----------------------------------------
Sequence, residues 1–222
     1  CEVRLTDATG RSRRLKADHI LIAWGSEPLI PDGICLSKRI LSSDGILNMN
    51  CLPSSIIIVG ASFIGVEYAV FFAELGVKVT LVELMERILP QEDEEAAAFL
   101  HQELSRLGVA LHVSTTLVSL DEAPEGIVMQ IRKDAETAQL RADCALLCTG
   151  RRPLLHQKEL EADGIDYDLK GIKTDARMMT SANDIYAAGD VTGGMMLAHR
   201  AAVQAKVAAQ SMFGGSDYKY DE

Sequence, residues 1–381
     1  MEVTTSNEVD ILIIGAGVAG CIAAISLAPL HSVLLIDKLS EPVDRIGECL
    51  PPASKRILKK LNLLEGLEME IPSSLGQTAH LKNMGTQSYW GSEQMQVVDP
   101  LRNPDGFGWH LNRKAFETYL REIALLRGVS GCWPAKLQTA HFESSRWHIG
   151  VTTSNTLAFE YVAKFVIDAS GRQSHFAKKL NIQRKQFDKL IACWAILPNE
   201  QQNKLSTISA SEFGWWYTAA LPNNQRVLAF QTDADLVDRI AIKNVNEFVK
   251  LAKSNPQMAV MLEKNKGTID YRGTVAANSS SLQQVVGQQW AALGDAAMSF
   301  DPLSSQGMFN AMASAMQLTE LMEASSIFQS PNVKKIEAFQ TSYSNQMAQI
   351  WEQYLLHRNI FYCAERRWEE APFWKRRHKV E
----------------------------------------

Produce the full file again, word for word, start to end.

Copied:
Sequence, residues 1–222
     1  CEVRLTDATG RSRRLKADHI LIAWGSEPLI PDGICLSKRI LSSDGILNMN
    51  CLPSSIIIVG ASFIGVEYAV FFAELGVKVT LVELMERILP QEDEEAAAFL
   101  HQELSRLGVA LHVSTTLVSL DEAPEGIVMQ IRKDAETAQL RADCALLCTG
   151  RRPLLHQKEL EADGIDYDLK GIKTDARMMT SANDIYAAGD VTGGMMLAHR
   201  AAVQAKVAAQ SMFGGSDYKY DE

Sequence, residues 1–381
     1  MEVTTSNEVD ILIIGAGVAG CIAAISLAPL HSVLLIDKLS EPVDRIGECL
    51  PPASKRILKK LNLLEGLEME IPSSLGQTAH LKNMGTQSYW GSEQMQVVDP
   101  LRNPDGFGWH LNRKAFETYL REIALLRGVS GCWPAKLQTA HFESSRWHIG
   151  VTTSNTLAFE YVAKFVIDAS GRQSHFAKKL NIQRKQFDKL IACWAILPNE
   201  QQNKLSTISA SEFGWWYTAA LPNNQRVLAF QTDADLVDRI AIKNVNEFVK
   251  LAKSNPQMAV MLEKNKGTID YRGTVAANSS SLQQVVGQQW AALGDAAMSF
   301  DPLSSQGMFN AMASAMQLTE LMEASSIFQS PNVKKIEAFQ TSYSNQMAQI
   351  WEQYLLHRNI FYCAERRWEE APFWKRRHKV E